Aquaculture for all

Are we close to replacing Artemia as a live feed?

Live feed Feed ingredients Artemia +9 more

Although some shrimp and finfish hatcheries are looking to switch from Artemia in favour of alternative first feeds, aquaculture nutritionists say that – for the time being – brine shrimp are going to continue to play a crucial role in the majority of hatcheries.

by Assistant editor, The Fish Site
Megan Howell thumbnail

“If we’re still working at replacing Artemia in diets, it means that we aren’t there yet,” said Philippe Léger, the former MD of INVE Aquaculture, at an event in which INVE and Ghent University presented the fruits of their long collaborative research projects to The Fish Site. “But I think we’re very close.”

Close up of brine shrimp
Artemia, or brine shrimp, has helped spur the rapid expansion of the aquaculture industry

At a Q&A session, experts from Ghent University and INVE Aquaculture (Benchmark’s Advanced Nutrition division) discussed the development of the use of Artemia. Prof Patrick Sorgeloos, who is one of world’s preeminent Artemia researchers, noted that as early as 1976 – the year after he finished his PhD studies on these brine shrimp at Ghent – FAO, at their first Technical Conference on Aquaculture in Kyoto (Japan), were questioning whether Artemia had a future in aquafeeds. Thankfully for Sorgeloos, his doctoral studies didn’t go to waste: over 40 years later, although other options are now being developed, it is clear that Artemia are still the gold standard of hatchery feeds for numerous shrimp and marine finfish species.

Philippe Léger explained that Artemia have a proven track record and have underpinned the expansion of the marine fish and shrimp industry. In his view, at present date, Artemia are essential to ensuring good survival, development and growth, from hatchery to grow-out, for numerous commonly farmed aquatic species. But the future trajectory of the brine shrimp sector is more debatable.

“I do think Artemia will remain crucial and absolutely applicable to the industry in the coming decades,” said Athene Blakeman, managing director of Benchmark Advanced Nutrition. “I don’t see it going anywhere,” she continued, “it’s still going to be the optimal nutrition.”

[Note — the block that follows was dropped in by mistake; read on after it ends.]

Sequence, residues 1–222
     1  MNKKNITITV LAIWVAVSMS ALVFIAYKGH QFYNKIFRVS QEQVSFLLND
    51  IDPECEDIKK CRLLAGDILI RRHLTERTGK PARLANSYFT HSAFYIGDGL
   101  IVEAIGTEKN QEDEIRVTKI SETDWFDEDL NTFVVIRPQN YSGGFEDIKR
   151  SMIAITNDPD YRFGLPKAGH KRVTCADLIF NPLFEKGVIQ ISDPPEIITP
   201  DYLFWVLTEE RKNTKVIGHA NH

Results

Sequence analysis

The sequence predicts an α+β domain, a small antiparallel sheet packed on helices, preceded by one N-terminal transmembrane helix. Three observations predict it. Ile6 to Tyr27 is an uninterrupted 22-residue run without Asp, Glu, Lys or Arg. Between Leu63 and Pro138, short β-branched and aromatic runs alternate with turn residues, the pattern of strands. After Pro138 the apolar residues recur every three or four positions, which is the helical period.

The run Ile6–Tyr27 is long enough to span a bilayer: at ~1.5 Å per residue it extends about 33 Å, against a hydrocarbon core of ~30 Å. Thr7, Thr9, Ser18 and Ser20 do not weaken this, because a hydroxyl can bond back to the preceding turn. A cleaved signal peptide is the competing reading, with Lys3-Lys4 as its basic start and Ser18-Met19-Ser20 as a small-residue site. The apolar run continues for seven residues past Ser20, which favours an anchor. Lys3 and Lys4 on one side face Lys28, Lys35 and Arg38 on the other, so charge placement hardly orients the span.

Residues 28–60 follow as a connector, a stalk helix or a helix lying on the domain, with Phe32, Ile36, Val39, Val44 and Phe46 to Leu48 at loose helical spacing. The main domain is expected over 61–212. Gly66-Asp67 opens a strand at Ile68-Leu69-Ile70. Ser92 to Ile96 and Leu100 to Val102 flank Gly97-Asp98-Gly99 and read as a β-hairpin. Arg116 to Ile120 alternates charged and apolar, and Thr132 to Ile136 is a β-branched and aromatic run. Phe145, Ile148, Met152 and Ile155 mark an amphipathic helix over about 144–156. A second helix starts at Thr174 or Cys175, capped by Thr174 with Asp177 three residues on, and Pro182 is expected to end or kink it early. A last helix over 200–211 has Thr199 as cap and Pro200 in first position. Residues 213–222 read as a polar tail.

However, she conceded that replacements for Artemia are gaining traction. Using Artemia can be complex and some hatcheries don’t want to use them due to ethical sourcing concerns. There is also evidence that existing supplies of brine shrimp cysts – which are currently at about 3,000 to 4,000 tonnes a year – cannot support the rapid expansion of the aquaculture sector. The industry needs to find a way to meet these challenges.

Identifying and adopting viable replacements

Sorgeloos explained that researchers, hatchery operators and the feed industry have been working, step by step, to reduce or replace the Artemia in live feed. Hatcheries used to need 25kg of cysts to produce 1 million post-larval shrimp, but can now produce the same quantity with only 1.5-3kg.

According to Léger, the ideal result would be to develop a high-performance off-the-shelf micro-diet that can replace brine shrimp without affecting production outcomes. This hasn’t been perfected yet – and Léger doesn’t think that the currently available commercial diets are close enough replacing 100 percent Artemia or live feed outright.

Masked researcher looking at Artemia cysts in conical containers
INVE's Artemia replacement trials have been promising

Blakeman added that Benchmark and other aquaculture nutrition companies like INVE are currently working to replace Artemia in the hatchery cycle. The replacement trials have been promising – she reported that in certain conditions it is possible to completely replace Artemia in the life cycle without observing any negative impacts on survival and yield. The next step will be achieving these results consistently and finding ways to make alternative early-stage feeds more user-friendly.

Who will adopt the new replacement live feeds?

Blakeman predicts that the alternative feeds won’t completely disrupt the existing market for Artemia – their use is deeply entrenched. Instead, the alternatives will be used in certain market segments. Some hatcheries will replace Artemia completely, while other producers will progressively adopt the replacements, reducing the amount of Artemia that goes into their feed. Other producers will continue to rely on Artemia.

Sorgeloos agreed, saying that although Artemia are an excellent starter feed, the regional differences in Artemia’s quality and environmental footprint make alternatives enticing. He warned that some sources of Artemia could be overexploited or disappear in the coming years.

Brine shrimp have been easy to collect, process and market for decades – the industry won’t be able to maintain this production strategy. As hatcheries progressively adopt alternative live feeds, Artemia producers should try to improve their practices. Sorgeloos stressed the need for supply chain stewardship in Artemia production. This will improve the quality and overall sustainability of the sector and ensure that brine shrimp Artemia remain a key component of aquaculture nutrition.

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